If I had to pick the worst thing about this episode, it’d be Meelo’s dialogue when he was talking to Korra right at the beginning.

    October 31, 2014 at 7:55 pm

  5. ChaosJumper

    To Long to Read Version: A lot of this feels like a possible good thing which could better if they go through with it as a Korra-Kuvira coordination and bashing of Kuvira’s practically fascistic utopia versus Korra’s…Don’t even know what to add here. Any help? Making it into more of what Book Three should have been (Basing of ideals) than Good Guy wins…because! I “meh” to the idea that Kuvira is basically repeating the ideals of the Dai Lee of Ba Sing Se (Utopian in appearance, not behind the scenes) because it feels more like an unnecessary repetition than something really different, but I can be wrong (only episode 5 after all). Hopefully, but I will put my foot down and say this is not happening, she will at be half as good as Zeheer or at least continue in cold-hearted execution to challenge the Avatar.

    Long (And dragged on) version: This episode is simply set up for Kuvira to have some justification and characterization before she uses the big ray gun and Korra stops it like that old Superman Cartoon from the 50’s. This, however, is a prediction based off of what we’ve seen over the past 3 seasons. If I’m wrong, and it becomes more of a battle of ideals and the magic root becomes kind of like a Perpetual Motion device to advance Republic City and Kuvira isn’t beaten by Korra just going to the Avatar State and being the Protagonist, I would be satisfied (Kind of like an alternative ending that people would want from Mass Effect 3, for an overly simplistic example).

    Anyway, I personally don’t care too much about Kuvira for the same reason why I didn’t care about Season One after repeated viewing; the opposition is Straw Manned heavily and given no a good limelight. I didn’t mind the annoying prince because I thought it would be one of those ironic characters; really snobbish, but with some kind of talent (Political, Intellectual, hell I wouldn’t mind if he was just a Top Tier earth bender) that would actually show a good opposition to Kuvira’s ideals of “Unification”. On top of that, and I’m hoping this feeling is just because of my disappointment of the series as a whole, her problem has a bigger problem; her opponent, Korra.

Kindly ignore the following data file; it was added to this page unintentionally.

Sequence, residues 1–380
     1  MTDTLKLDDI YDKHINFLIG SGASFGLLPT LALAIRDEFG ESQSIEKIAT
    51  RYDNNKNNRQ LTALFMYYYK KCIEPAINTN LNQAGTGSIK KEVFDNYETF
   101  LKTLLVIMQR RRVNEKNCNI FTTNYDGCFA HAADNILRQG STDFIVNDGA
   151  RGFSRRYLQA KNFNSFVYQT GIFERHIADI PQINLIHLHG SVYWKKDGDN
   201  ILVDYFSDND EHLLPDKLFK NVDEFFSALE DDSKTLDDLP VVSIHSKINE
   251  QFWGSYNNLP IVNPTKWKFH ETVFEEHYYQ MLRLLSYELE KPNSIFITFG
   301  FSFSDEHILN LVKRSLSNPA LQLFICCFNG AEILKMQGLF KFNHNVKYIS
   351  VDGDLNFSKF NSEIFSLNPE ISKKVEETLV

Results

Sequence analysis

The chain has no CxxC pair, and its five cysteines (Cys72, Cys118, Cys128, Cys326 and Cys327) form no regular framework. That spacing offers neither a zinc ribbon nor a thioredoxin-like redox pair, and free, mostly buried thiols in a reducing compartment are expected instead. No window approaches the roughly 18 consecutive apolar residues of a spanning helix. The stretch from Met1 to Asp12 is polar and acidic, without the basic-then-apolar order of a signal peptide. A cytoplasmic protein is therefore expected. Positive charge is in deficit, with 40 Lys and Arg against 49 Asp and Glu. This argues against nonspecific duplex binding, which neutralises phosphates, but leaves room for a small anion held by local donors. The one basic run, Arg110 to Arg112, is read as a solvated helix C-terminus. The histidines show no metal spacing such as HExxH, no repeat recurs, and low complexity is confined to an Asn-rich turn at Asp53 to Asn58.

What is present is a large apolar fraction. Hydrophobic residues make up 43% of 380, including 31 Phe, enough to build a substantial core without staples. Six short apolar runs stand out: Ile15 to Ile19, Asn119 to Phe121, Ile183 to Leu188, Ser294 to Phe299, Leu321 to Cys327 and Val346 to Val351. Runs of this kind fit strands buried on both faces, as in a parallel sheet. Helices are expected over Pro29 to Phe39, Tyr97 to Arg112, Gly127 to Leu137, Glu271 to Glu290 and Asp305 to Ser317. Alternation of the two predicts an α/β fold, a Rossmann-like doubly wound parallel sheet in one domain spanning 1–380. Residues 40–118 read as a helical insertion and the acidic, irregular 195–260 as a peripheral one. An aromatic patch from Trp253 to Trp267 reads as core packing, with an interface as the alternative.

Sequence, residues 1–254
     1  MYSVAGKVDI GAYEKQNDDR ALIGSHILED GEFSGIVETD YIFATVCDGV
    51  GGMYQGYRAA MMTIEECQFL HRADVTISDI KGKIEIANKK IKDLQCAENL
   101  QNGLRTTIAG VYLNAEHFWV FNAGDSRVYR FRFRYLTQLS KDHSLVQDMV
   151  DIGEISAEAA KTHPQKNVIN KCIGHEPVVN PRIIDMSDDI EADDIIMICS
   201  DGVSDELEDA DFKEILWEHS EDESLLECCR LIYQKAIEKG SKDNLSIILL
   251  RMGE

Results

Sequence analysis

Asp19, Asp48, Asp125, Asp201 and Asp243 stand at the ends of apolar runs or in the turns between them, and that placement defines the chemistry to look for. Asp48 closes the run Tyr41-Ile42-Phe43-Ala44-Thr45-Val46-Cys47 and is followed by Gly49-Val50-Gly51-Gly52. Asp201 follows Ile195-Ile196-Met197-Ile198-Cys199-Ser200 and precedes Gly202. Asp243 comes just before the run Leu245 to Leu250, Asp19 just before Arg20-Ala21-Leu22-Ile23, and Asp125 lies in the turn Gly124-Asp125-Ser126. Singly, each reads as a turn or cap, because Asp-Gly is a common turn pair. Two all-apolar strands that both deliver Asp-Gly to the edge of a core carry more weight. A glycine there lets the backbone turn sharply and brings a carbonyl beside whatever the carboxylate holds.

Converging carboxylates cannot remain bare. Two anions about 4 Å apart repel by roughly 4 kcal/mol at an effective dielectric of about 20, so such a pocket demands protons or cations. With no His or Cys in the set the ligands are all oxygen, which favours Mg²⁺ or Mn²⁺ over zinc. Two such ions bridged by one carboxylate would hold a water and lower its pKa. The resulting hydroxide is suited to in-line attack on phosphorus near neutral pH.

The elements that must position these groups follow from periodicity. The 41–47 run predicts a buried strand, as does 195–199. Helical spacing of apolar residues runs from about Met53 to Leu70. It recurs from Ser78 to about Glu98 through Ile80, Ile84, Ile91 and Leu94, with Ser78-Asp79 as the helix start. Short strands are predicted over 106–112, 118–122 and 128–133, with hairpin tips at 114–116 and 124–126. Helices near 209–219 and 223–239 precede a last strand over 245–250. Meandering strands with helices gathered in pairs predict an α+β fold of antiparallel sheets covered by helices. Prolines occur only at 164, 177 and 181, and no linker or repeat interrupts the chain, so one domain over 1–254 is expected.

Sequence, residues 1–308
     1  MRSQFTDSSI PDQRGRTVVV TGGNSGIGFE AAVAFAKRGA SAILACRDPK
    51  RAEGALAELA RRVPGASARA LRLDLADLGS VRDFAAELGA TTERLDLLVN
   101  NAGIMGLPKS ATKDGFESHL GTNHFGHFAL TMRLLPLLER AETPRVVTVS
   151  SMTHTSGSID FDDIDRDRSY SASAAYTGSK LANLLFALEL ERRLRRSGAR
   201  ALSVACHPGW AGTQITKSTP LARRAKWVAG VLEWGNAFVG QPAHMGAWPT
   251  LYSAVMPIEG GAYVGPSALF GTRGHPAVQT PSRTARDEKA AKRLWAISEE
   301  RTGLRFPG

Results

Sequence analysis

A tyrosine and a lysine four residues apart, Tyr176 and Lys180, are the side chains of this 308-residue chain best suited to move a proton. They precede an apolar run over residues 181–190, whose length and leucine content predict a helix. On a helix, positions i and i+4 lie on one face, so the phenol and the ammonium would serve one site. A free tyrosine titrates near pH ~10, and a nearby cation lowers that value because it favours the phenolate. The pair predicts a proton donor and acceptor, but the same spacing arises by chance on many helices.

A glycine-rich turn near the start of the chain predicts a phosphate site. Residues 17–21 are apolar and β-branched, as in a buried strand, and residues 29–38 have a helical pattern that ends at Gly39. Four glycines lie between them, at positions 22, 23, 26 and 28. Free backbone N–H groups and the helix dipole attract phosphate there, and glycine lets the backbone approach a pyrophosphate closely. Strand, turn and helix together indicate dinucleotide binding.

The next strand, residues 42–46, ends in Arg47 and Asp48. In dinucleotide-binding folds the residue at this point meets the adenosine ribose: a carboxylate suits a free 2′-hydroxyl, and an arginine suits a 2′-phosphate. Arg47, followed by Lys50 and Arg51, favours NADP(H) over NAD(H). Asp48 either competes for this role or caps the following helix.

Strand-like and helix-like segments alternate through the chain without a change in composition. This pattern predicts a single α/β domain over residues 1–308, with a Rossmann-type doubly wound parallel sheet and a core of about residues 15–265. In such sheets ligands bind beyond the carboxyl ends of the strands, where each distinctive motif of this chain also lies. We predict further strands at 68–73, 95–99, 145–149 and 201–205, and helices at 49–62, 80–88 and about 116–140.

For myself, all of the villains of Korra (including Zeheer…sort of) kind of reveal a problem with their ideals that ruin the series for me in Book 1 and 2 (Of course, Book two has MANY other problems, but this one bothers me the most); the dichotomy between Man (Benders-Nonbenders) and God (Korra…for some reason) is practically transcendent. This could also be because of her lack of development, but Korra’s character felt forced in there because the plot says so. Which is why I didn’t care about the ending of Book One [even though it is some of the worst endings I’ve encountered since some of the arcs in Fairy Tail manga series]. With the “Darkening” of the Avatar universe, Korra’s overly simplistic archetype of a character only brings the series down. It isn’t like Captain America 2 or Avengers where the Cap’s simplistic character brings a beacon of hope in the dark (While still campy) stories of these two movies. Where Captain America brings real balance to the narratives, Korra is like a 10 ton weight shifting from different scales when the narrative seems fit; no matter where she goes, Korra has felt odd and (ironically) unbalanced. Even Bolin, the comedic character, feels more like a more appropriate protagonist than the Avatar.

    The villains make me think of a Batman Year One where it would be more interesting to see them in action WITHOUT the Avatar. Like if Korra was 3 years old by the time Amon started this whole thing and Korra is observing from the South Pole. And Unalock being a quasi villain to Korra; fighting him through extreme bursts of the Avatar State due to the Harmonic Convergence. The reason why Zeheer would be the real villain of LoK (and why I want to exclude him from this transcendence) is because he was basically what Amon and Unalock weren’t; a Nietzschian Superman. He was able to Challenge God herself while feeling like a natural Jacobian Revolutionary (With the death of the Queen making me think of “Let them eat cake!”). Not to mention, he had the greater elements of the two villains: Amon’s desire for an equal ground to the point of the Destruction of Class [Communism/Apollonian Extreme] and Unalock’s desire to put us back in our place as creatures in nature [Back-to-Basics Political Economy/Dionysian Extreme]. On top of that, Zeheer was able to take two of these ideas and ascend them due to his desire and [in my opinion, however short] fantastic achievement for enlightenment. He was, as all of us know, the true villain to God; a man that climbed to the heavens and overthrow the sovereign lord with a goal of destroying the rift between God and Man. Or it’s my version of the story with Also Sparch Zararthustra playing in the background? You get my point.